Boris Johnson has canceled his planned trip to the White House after Trump slammed the phone down on him in a moment of 'apoplectic' fury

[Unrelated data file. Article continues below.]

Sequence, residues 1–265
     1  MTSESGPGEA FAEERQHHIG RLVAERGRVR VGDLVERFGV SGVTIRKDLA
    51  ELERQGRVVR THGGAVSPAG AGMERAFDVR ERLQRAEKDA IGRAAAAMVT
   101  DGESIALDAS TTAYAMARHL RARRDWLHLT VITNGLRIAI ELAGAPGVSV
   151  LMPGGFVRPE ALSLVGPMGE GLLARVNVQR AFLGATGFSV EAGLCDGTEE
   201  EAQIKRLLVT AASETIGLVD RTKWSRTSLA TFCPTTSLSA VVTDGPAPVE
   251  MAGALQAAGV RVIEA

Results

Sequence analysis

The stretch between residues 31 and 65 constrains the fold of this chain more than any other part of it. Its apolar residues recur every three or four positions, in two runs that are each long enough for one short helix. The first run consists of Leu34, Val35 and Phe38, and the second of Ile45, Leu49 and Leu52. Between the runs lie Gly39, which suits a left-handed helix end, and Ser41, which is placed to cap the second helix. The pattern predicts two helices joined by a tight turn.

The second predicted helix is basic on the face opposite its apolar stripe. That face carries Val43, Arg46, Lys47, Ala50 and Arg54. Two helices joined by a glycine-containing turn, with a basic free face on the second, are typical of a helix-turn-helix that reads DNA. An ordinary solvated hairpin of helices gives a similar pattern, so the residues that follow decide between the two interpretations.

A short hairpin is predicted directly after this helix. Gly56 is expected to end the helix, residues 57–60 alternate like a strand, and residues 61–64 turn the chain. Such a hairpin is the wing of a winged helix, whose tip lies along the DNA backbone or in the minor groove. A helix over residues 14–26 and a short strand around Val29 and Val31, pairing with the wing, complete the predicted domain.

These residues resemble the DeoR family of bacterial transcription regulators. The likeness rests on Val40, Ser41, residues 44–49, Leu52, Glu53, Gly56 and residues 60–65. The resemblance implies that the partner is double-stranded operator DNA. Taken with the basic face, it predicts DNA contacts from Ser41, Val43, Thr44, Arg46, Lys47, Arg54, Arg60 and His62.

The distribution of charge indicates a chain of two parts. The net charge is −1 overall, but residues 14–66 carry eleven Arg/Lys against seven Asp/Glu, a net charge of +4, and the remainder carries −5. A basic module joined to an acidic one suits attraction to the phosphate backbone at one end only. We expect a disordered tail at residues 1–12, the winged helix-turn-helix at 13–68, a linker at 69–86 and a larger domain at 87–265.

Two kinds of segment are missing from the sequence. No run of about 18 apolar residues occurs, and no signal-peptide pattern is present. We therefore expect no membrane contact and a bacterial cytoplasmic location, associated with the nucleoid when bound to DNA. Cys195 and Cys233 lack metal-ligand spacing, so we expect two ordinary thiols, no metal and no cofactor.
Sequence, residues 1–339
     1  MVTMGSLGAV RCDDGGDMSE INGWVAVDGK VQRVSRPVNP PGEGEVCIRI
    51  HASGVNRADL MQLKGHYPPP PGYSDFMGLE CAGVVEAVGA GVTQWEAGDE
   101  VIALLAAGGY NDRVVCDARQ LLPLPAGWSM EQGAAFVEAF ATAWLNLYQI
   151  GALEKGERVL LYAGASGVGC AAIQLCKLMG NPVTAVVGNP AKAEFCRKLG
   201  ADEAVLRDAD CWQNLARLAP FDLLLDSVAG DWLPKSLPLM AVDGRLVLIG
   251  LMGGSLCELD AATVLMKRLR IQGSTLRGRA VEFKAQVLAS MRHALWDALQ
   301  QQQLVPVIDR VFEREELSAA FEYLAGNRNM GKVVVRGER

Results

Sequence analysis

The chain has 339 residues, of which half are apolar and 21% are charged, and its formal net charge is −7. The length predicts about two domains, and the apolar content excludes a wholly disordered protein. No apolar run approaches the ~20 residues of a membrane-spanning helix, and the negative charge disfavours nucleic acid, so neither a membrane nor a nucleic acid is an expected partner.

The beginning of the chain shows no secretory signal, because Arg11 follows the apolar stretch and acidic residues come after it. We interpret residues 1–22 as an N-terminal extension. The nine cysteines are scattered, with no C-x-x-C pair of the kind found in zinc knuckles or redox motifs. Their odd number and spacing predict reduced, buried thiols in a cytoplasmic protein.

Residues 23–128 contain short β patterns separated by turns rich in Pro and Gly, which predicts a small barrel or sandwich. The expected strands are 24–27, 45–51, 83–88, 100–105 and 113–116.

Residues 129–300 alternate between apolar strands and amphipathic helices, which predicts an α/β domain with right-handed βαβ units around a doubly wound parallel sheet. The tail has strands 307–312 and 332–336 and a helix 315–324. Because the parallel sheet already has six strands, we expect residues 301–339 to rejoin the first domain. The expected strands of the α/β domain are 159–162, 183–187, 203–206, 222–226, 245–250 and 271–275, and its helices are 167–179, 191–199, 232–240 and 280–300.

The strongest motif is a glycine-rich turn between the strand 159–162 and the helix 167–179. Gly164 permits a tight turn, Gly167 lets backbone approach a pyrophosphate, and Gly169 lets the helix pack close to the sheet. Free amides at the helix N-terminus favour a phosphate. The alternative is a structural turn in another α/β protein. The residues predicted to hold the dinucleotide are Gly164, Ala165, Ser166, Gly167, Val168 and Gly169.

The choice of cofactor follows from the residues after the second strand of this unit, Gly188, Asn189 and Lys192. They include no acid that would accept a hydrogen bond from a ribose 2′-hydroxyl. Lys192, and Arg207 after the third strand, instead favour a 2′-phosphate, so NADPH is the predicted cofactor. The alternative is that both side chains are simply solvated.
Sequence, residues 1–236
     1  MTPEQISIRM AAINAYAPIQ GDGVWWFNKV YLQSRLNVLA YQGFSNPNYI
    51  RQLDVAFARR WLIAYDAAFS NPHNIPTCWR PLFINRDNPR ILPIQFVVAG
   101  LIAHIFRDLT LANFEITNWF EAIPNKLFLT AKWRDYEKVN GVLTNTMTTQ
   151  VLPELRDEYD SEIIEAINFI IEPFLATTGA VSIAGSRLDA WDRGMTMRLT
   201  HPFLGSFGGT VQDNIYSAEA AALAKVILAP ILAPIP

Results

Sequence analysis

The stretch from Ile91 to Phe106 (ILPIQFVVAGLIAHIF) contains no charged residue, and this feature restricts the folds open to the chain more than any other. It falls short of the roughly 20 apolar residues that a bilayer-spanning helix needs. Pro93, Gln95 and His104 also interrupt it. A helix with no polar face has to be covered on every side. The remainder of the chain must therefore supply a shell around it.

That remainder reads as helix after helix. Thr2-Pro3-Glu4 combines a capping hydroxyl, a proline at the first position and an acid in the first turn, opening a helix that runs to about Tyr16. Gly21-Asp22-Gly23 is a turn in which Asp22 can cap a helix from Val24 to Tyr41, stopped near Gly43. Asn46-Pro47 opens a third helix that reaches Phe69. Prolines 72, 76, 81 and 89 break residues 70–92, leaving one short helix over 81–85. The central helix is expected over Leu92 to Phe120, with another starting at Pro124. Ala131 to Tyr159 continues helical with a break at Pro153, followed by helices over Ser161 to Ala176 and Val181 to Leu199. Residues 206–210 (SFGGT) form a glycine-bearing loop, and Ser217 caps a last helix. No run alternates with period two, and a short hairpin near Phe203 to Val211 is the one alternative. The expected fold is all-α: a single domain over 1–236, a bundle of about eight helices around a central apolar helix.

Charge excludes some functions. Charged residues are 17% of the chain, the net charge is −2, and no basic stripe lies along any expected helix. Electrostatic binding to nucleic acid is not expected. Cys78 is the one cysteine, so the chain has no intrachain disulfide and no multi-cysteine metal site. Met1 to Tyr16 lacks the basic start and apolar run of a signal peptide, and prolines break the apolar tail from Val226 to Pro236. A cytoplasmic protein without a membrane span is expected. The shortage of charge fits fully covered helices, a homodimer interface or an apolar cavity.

UK Prime Minister Boris Johnson has canceled a planned trip to meet with President Donald Trump...UK Prime Minister Boris Johnson has canceled a planned trip to meet with President Donald Trump next month after a furious row between the two men. Johnson had been due to visit Washington shortly after his election victory in December. The visit has been repeatedly delayed, however, amid a series of disagreements between the two leaders. Trump slammed the phone down on Johnson last month after the prime minister defied him on the issue of Huawei's involvement in the UK. Visit Business Insider's homepage for more stories. UK Prime Minister Boris Johnson has canceled a trip to the US planned for next month after a furious phone call from President Donald Trump in which Trump slammed down the phone on the prime minister. Johnson had been due to visit Washington last month but repeatedly delayed the trip after a series of rows with the president over Iran, Huawei, and a rejected request by the prime minister to extradite the wife of a US diplomat. The disagreements culminated in a phone call last month in which Trump hung up on Johnson, according to officials with knowledge of the conversation. Johnson has now canceled his trip altogether, and is not planning on visiting the country until the G7 summit in June. A Downing Street source confirmed that the trip had been cancelled due to fears of further clashes with the president. However, Downing Street insisted on Thursday that Johnson would concentrate instead on his domestic agenda over the coming months. "When the Eye of Sauron is off the Whitehall machine, things stop working," one source told The Sun newspaper. "That is why he has stripped down all his foreign travel this year to get his agenda done." 'Britain Trump' distances himself from the president The prime minister had been one of Trump's few close international allies, with the president labeling Johnson "fantastic," a "good man," and "Britain Trump." Relations broke down in recent weeks, however, following a series of high-profile threats from Trump and a series of pointed interventions against Trump by Johnson and senior members of his government. The call last month, which one source described to the Financial Times as "very difficult," came after Johnson defied Trump and allowed the Chinese telecom company Huawei the rights to develop the UK's 5G network. Johnson backed Huawei despite multiple threats by Trump and his allies that the US would withdraw security cooperation with the UK if the deal went ahead. The US fears that Huawei's technology could have backdoors for the Chinese government. Trump's threats reportedly "irritated" the UK government, with Johnson frustrated at the president's failure to suggest any alternatives. Following the call, US Vice President Mike Pence said the Trump administration had made its disappointment with the UK "very clear to them."SEE ALSO: Trump is losing the support of the United States' closest ally after the president slammed down the phone on them during an 'apoplectic' call Join the conversation about this story » NOW WATCH: Extremists turned a frog meme into a hate symbol, but Hong Kong protesters revived it as an emblem of hope